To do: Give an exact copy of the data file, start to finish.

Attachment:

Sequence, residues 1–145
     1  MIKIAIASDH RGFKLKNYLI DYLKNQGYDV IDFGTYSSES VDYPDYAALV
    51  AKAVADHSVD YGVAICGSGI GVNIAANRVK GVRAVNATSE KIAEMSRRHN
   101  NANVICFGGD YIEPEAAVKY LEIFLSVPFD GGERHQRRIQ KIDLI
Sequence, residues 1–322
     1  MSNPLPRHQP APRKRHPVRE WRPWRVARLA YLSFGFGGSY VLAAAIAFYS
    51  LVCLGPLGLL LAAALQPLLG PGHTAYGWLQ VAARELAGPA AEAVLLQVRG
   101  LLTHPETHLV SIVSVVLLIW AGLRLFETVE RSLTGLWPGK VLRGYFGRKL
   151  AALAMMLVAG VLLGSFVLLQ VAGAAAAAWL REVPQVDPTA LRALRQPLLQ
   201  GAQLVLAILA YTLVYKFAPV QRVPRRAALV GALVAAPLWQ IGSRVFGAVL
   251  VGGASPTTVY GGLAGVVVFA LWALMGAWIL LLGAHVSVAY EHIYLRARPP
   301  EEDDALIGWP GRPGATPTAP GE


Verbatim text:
Sequence, residues 1–145
     1  MIKIAIASDH RGFKLKNYLI DYLKNQGYDV IDFGTYSSES VDYPDYAALV
    51  AKAVADHSVD YGVAICGSGI GVNIAANRVK GVRAVNATSE KIAEMSRRHN
   101  NANVICFGGD YIEPEAAVKY LEIFLSVPFD GGERHQRRIQ KIDLI
Sequence, residues 1–322
     1  MSNPLPRHQP APRKRHPVRE WRPWRVARLA YLSFGFGGSY VLAAAIAFYS
    51  LVCLGPLGLL LAAALQPLLG PGHTAYGWLQ VAARELAGPA AEAVLLQVRG
   101  LLTHPETHLV SIVSVVLLIW AGLRLFETVE RSLTGLWPGK VLRGYFGRKL
   151  AALAMMLVAG VLLGSFVLLQ VAGAAAAAWL REVPQVDPTA LRALRQPLLQ
   201  GAQLVLAILA YTLVYKFAPV QRVPRRAALV GALVAAPLWQ IGSRVFGAVL
   251  VGGASPTTVY GGLAGVVVFA LWALMGAWIL LLGAHVSVAY EHIYLRARPP
   301  EEDDALIGWP GRPGATPTAP GE